Marble is a coarse-crystalline, metamorphic rock, which is formed when chalk or limestone are recrystallised under conditions of high temperature and pressure, often a result of regional metamorphism – movement of the earth's crust .
Intense folding and recystalisation due to heat and pressure acting on limestones. Accordingly, most recent marbles are found in mountainous regions. (Source: Imerys Performance Minerals)
The temperatures and pressures necessary to form marble usually destroy any fossils and sedimentary textures present in the original rock. In some cases this process has produced white marbles of exceptional brightness such as the famous deposits in Carrara in Italy.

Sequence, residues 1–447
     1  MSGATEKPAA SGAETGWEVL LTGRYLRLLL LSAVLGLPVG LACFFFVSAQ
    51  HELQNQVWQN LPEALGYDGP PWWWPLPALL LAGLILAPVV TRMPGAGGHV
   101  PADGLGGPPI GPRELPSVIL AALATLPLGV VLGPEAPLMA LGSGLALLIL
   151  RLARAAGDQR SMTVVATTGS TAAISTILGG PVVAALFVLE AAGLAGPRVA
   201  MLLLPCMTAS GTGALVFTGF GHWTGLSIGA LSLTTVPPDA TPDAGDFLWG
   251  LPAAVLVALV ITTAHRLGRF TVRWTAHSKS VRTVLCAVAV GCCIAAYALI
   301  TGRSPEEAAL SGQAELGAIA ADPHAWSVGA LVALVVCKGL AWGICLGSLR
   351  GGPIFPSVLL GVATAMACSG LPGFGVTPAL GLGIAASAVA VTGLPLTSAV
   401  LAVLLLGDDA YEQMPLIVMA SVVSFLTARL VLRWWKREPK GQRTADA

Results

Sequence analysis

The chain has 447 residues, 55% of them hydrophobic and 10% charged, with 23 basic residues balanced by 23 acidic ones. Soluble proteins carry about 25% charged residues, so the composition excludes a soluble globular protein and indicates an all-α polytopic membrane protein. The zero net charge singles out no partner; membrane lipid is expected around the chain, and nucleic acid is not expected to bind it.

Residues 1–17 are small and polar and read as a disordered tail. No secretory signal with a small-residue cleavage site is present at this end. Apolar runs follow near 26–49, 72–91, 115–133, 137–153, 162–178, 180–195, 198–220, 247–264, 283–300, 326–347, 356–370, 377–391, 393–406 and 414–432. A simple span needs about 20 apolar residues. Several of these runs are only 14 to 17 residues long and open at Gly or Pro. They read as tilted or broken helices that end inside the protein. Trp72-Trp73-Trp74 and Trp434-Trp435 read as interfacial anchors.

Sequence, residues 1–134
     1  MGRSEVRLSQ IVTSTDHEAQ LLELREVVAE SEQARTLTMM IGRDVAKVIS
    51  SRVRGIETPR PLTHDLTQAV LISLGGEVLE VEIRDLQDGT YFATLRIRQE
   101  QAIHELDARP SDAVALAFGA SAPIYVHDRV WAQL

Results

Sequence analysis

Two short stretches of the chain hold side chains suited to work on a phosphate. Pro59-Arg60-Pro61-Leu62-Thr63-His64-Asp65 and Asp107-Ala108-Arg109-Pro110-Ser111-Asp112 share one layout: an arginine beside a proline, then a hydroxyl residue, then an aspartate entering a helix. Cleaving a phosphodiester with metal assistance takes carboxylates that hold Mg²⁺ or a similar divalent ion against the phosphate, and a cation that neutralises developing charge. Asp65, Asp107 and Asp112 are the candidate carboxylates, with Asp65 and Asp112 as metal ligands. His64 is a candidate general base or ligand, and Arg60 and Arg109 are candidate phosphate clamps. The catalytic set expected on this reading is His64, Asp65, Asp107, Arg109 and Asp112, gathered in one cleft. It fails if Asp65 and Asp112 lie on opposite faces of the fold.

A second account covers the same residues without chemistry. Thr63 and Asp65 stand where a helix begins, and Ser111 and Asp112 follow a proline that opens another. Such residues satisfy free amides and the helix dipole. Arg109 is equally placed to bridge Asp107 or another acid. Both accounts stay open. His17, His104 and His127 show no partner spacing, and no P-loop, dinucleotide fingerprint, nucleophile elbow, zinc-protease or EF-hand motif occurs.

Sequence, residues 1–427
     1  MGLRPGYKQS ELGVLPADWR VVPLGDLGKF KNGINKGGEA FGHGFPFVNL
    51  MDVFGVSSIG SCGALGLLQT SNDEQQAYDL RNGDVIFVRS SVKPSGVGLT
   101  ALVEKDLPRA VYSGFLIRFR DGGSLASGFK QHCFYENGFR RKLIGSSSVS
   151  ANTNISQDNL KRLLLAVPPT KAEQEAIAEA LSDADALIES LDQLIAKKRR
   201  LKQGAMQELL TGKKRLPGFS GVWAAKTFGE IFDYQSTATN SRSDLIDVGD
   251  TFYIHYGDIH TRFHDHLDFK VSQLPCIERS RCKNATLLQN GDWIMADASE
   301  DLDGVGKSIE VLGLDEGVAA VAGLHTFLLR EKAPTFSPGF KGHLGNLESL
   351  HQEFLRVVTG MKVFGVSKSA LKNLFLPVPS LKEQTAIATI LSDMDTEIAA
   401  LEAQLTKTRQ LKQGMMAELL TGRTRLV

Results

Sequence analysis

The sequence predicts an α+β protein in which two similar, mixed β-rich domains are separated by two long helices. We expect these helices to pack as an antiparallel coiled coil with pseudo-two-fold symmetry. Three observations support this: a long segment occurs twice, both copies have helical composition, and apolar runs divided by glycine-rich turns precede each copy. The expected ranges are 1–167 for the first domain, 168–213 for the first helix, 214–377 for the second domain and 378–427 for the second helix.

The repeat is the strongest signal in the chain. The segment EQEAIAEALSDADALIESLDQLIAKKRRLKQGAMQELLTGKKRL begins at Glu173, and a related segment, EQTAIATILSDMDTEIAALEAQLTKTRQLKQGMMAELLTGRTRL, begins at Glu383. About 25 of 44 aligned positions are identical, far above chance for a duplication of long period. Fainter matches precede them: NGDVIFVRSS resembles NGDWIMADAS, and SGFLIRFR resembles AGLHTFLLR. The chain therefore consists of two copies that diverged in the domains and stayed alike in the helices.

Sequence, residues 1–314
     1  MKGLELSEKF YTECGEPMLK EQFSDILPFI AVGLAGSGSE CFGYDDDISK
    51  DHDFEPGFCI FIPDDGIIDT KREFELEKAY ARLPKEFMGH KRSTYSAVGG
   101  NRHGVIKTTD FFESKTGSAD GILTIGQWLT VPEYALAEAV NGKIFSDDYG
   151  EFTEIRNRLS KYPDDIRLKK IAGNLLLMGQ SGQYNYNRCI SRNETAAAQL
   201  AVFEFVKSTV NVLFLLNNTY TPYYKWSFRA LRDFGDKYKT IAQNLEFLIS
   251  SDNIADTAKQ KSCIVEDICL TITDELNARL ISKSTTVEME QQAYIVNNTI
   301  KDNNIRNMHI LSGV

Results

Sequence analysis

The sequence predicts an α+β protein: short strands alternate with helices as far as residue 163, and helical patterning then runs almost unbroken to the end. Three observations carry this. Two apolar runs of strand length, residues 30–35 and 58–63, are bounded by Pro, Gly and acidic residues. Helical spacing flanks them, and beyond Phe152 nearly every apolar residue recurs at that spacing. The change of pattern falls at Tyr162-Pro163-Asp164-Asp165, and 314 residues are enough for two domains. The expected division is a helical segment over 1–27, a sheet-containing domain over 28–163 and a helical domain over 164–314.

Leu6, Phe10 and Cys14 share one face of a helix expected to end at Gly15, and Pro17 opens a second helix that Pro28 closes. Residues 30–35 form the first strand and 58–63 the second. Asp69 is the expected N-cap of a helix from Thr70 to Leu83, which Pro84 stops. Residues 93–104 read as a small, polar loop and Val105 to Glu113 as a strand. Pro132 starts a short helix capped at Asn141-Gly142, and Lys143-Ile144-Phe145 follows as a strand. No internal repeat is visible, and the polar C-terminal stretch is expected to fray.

True marble has a low porosity and may contain calcite crystals up to several centimetres in length. Large deposits of marble are to be found in North America and in Europe in Austria, Scandanvia and Italy. However the UK has no white or other marble deposits of significance though stone is imported and processed in the UK to produce high whiteness fillers and pigments.